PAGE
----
Amazing Grace

PhotographerRebecca Forster
Prize2nd Place in Deeper Perspective / Deeper Perspective
CompanyKyprisAthina Pictures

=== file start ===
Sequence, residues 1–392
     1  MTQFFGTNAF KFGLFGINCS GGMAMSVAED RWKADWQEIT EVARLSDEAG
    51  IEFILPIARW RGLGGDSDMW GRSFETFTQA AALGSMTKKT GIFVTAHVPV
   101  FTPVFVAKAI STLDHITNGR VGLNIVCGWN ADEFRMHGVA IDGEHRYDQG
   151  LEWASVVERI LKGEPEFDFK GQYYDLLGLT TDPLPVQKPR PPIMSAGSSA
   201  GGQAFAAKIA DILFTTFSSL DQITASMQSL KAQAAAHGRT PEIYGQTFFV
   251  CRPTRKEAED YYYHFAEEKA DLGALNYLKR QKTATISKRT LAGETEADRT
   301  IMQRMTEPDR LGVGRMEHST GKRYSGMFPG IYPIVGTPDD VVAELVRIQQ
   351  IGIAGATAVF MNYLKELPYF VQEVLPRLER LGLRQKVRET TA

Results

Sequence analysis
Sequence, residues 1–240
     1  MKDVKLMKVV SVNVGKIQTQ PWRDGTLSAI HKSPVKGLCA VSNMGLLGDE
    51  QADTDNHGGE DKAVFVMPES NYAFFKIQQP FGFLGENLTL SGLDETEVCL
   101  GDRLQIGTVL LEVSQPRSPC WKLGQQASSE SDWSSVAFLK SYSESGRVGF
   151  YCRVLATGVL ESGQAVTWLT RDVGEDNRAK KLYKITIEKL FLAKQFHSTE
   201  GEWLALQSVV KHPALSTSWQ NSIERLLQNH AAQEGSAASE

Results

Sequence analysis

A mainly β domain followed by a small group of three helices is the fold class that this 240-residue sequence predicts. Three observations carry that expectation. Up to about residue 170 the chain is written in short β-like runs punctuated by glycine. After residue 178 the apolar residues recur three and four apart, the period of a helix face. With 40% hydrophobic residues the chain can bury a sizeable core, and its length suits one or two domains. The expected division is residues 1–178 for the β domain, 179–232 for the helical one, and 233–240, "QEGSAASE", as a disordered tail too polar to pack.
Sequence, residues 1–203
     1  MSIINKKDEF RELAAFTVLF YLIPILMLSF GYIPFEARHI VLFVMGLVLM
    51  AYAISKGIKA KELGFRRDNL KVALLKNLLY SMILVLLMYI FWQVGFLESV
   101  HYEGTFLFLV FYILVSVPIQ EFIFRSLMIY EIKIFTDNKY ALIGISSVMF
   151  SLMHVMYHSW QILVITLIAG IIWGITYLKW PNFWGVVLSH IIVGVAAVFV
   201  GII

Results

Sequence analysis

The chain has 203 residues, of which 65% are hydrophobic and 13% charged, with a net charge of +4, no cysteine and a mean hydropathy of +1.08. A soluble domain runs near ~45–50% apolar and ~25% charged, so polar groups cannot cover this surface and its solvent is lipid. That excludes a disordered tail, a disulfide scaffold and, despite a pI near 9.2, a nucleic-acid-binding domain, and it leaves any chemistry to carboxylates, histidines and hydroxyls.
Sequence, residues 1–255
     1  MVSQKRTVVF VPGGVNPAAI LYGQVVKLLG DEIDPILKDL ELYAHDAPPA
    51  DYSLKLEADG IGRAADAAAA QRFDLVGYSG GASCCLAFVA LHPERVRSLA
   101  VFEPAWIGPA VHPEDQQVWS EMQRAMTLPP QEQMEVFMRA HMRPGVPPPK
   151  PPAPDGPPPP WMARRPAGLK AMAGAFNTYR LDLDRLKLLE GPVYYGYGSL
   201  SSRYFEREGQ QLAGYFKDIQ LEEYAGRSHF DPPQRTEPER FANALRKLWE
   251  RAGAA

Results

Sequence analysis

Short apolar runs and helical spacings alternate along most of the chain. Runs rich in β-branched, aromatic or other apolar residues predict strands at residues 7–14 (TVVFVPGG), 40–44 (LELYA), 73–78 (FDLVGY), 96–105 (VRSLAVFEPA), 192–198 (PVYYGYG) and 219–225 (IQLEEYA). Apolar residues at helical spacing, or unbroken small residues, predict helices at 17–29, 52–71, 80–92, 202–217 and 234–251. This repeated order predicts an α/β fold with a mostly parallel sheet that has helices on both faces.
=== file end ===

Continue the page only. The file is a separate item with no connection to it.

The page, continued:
City/CountrySaarbrücken, Germany
Photo DateAugust 15, 2013
Technical InfoNikon D3x, Nikkor, ext. Flash
Story